Latest Battery Energy Storage News Global Jun'21

14 July, 2021

Latest Battery Energy Storage News from around the World

  1. Energy Storage as a Service: Honeywell has launched its own battery energy storage system (BESS) Platform, and also energy storage-as-a-service offerings to the commercial and industrial (C&I) sector through a new partnership with sustainable infrastructure solutions group Alturus.
  2. World’s largest ESS: LG Energy Solution announced that it has supplied batteries to 1.2 gigawatt-hour (GWh) ESS facility in operations in Moss Landing, California. The facility managed by U.S. power generation company Vistra, is the world’s single-largest ESS capable of powering 225,000 households during peak hours.
  3. Recurrent Energy: With a pipeline of around 11 GWh of battery storage projects across the United States, of which 2.3 GWh are in late-stage development, Recurrent Energy has been actively developing both PV solar plus energy storage and standalone storage projects since 2014.
  4. Increasing Lithium battery energy density: “Most of the efforts are on higher NMCs, layered nickel/manganese/cobalt oxide cathodes. Industry started out at one-third nickel. Some of the cells are now 80% nickel. The goal would get to 90% or higher, so that we get more energy out without charging to higher voltage.” “In 019, the small ones anyway, from companies like LG and Panasonic, were between 200-250 Wh/kg. We’re now getting 400 Wh/kg. That’s not commercial yet, but this shows we can go to higher energy densities.” – Stanley Whittingham Nobel Prize’ 2019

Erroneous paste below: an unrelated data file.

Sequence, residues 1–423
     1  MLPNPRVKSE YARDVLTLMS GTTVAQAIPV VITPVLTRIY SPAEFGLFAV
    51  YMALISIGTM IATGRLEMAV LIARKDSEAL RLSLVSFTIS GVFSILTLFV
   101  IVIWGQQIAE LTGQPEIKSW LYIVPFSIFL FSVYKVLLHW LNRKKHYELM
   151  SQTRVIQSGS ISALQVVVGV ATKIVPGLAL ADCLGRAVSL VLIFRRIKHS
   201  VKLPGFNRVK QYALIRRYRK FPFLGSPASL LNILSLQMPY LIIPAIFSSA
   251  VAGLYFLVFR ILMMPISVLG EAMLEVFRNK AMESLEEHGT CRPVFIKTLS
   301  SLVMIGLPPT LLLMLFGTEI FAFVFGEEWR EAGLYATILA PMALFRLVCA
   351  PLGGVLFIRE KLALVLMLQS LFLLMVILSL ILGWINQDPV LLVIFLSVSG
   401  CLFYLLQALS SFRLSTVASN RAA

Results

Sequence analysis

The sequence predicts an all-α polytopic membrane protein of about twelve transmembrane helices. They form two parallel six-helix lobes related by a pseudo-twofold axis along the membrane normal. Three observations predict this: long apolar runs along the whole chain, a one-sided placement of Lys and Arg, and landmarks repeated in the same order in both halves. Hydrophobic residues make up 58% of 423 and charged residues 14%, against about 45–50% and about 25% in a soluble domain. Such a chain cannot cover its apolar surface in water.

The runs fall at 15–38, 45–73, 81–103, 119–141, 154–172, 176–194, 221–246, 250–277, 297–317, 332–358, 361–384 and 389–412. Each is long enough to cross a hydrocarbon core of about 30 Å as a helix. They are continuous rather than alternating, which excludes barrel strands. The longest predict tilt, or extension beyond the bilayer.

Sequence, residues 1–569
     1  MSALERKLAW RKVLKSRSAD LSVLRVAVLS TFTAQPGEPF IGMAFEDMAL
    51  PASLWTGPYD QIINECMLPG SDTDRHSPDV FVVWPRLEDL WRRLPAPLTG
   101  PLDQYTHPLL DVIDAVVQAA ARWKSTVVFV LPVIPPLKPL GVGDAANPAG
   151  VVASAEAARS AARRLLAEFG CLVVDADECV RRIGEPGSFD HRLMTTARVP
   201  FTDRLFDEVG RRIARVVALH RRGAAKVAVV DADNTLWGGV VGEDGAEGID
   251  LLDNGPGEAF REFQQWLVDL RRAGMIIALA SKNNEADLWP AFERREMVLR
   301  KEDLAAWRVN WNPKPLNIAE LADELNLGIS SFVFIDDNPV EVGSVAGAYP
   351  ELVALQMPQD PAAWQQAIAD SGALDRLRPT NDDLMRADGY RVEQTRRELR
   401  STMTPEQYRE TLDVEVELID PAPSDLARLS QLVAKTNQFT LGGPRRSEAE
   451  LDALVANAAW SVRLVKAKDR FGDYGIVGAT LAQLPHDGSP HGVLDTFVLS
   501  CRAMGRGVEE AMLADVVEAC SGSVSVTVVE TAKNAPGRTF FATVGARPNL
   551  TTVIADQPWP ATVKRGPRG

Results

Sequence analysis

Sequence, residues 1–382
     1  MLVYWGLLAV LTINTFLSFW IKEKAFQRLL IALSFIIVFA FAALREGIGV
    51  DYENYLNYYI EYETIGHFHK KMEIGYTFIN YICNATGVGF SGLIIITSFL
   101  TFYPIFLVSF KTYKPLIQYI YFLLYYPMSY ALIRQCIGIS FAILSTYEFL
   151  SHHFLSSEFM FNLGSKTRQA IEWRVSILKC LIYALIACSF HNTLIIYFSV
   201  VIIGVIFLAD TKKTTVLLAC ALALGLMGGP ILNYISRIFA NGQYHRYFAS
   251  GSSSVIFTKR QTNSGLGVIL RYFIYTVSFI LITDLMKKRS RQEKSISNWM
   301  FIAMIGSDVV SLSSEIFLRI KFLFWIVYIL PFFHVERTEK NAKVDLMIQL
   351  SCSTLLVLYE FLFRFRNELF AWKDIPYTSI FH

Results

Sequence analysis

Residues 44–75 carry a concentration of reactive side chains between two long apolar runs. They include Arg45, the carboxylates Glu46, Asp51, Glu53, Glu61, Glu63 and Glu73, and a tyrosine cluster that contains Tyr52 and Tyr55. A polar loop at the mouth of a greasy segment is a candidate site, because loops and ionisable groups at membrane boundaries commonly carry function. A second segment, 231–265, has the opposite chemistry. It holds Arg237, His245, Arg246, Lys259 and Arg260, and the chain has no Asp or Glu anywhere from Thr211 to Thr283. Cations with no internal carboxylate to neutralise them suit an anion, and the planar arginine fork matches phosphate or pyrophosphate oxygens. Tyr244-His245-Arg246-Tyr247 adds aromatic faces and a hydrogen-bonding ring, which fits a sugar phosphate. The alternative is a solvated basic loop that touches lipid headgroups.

5. Electric Planes: Rolls-Royce is planning an £80 million investment over the next decade into the development of energy storage systems (ESS) that will enable electric aircraft to fly over 100 miles (160 kilometers) on a single charge.
  6. Hybrid Supercapacitors: This energy-storage device is uses a unique construction in which the single assembly is both a supercapacitor and a Li-ion battery at the same time. Taiyo Yuden, Eaton, and Maxwell Technologies, Inc. (now part of Tesla) supply this.
  7. Oil Storage to Battery Storage: Oil storage company Royal Vopak NV is partnering with battery startup Elestor BV to develop a battery that uses two tanks of hydrogen and dissolved bromine to store energy, both of which are cheap and plentiful compared to the rare metals lithium ion cells rely on. Because it is a flow battery, capacity can be boosted by simply increasing the size of the vessels, making it ideal for mass storage of electricity.
  8. “Global energy internet” : A March report from Breakthrough Energy, a group funded by Microsoft founder Bill Gates, offered scenarios for transcontinental HVDC lines to unite the US’s three, still-separate grids. Now the idea is to connect China and US via  ultra-high-voltage direct current (UHVDC) transmission lines.
  9. 80 GWh factory: CATL says it has plans to construct a new battery cell manufacturing facility near the Tesla Gigafactory in Shanghai that will have an annual production capacity of 80 GWh. CATL is reportedly now the world’s largest battery manufacturer.
  10. Battery Minerals: Tesla expects to spend more than $1 billion per annum for the next few years on battery raw materials from Australia, mainly lithium and nickel.